But this article at Baseball Prospectus (normally behind a paywall, available for free today and tomorrow as a sitewide holiday preview) about Oakland's 2013 team shows they might still have some cards up their sleeve. Oakland finished the season with the 4th lowest payroll but the 4th best offense. How, given that many teams now understand the importance of walks and on base percentage, did Oakland manage that?

This time, Beane spent more to fill premium defensive positions. Their commonality is unmistakable: while fly balls around the league grew rarer, Beane stocked his lineup with air-inclined hitters. As a result, 60 percent of Oakland's plate appearances last season were taken by “fly-ball hitters” (defined as a hitter whose ground ball rate is one standard deviation below the league mean).


Let’s contextualize Oakland’s outlier ways: 60 percent of their plate appearances were taken by fly-ball hitters, who by definition compose 16 percent of the league. No other team in the past nine years has touched 45 percent. Beane’s roster was so ground-allergic that only 0.8 percent of their plate appearances were taken by “ground-ball hitters.” That’s not just a concentrated effort to target fly balls. That’s a mission statement.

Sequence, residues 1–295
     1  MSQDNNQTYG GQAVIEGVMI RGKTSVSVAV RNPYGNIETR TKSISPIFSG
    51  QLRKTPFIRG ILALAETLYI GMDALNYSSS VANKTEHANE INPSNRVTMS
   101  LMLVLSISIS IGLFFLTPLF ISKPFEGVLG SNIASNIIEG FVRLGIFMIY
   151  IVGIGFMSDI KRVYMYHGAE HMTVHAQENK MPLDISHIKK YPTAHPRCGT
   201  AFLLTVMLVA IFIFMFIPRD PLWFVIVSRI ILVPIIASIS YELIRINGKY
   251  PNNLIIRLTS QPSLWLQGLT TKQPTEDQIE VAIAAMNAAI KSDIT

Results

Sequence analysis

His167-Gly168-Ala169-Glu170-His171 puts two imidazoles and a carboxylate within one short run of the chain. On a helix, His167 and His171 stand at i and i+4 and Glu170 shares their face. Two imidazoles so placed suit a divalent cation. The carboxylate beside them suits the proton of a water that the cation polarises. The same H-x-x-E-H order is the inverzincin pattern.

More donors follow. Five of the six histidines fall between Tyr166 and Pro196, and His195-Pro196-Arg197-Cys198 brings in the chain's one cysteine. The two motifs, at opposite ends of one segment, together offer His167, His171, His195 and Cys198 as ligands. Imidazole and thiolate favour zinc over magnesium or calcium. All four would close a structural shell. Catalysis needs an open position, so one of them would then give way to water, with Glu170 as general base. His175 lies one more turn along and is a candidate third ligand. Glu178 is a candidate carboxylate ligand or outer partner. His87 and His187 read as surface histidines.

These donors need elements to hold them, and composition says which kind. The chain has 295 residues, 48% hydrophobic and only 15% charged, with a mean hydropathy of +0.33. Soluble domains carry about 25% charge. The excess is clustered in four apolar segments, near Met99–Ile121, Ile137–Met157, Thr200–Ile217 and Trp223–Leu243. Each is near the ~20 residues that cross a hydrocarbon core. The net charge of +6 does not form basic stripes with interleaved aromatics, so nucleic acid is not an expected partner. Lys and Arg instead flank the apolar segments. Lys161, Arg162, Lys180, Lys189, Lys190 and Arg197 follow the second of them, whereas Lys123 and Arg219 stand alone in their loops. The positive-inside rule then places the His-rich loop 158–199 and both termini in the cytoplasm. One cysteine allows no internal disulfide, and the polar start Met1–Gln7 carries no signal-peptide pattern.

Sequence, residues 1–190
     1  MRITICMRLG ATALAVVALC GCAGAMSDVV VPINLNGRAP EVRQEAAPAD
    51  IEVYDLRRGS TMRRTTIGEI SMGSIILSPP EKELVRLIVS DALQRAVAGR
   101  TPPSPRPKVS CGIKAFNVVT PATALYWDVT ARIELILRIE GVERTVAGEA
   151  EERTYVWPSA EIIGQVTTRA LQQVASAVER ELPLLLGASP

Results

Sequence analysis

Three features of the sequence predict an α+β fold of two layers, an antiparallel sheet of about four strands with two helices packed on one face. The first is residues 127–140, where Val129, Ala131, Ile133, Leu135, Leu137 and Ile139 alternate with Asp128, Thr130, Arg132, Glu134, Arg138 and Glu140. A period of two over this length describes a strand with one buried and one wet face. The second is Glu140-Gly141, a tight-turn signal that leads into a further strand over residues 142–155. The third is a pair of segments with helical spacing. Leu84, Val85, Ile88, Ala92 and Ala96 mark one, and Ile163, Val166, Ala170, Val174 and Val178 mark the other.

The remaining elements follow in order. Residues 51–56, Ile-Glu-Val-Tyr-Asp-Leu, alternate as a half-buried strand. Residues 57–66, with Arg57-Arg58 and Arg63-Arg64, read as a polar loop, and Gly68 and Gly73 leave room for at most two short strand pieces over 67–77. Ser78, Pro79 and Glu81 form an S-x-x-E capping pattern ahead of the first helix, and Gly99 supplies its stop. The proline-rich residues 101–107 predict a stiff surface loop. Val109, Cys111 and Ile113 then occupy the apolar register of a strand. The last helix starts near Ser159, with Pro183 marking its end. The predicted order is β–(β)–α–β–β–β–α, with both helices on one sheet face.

The 38 percent of their fly ball hitters’ plate appearances against neutral pitchers resulted in a .282 True Average. That’s better than the solid league TAv in that matchup (.276)—and it occurred for the Athletics four times as often!

Moreover, Oakland fly ball hitters hit .302 against GB pitchers, a matchup occurring nine percent of the time. Another way of putting that: In 547 plate appearances against ground-ballers, fly ball-hitting Athletics (such as low-salary acquisitions like Jed Lowrie and Brandon Moss) hit like $16-million Matt Holliday. The rest of the time—over 90 percent of PAs—they hit like Chase Headley.

The Book claimed that managers weren’t using this platoon advantage enough. It appears that Billy Beane has, effectively transforming his batting roster into 12 Chase Headleys and a Matt Holliday.

The marginal return of innovative thinking hasn't diminished in Oakland after all. Maybe if the A's can pull off a World Series win one of these years Brad Pitt can come out of retirement to play Beane in the triumphant sequel to Moneyball.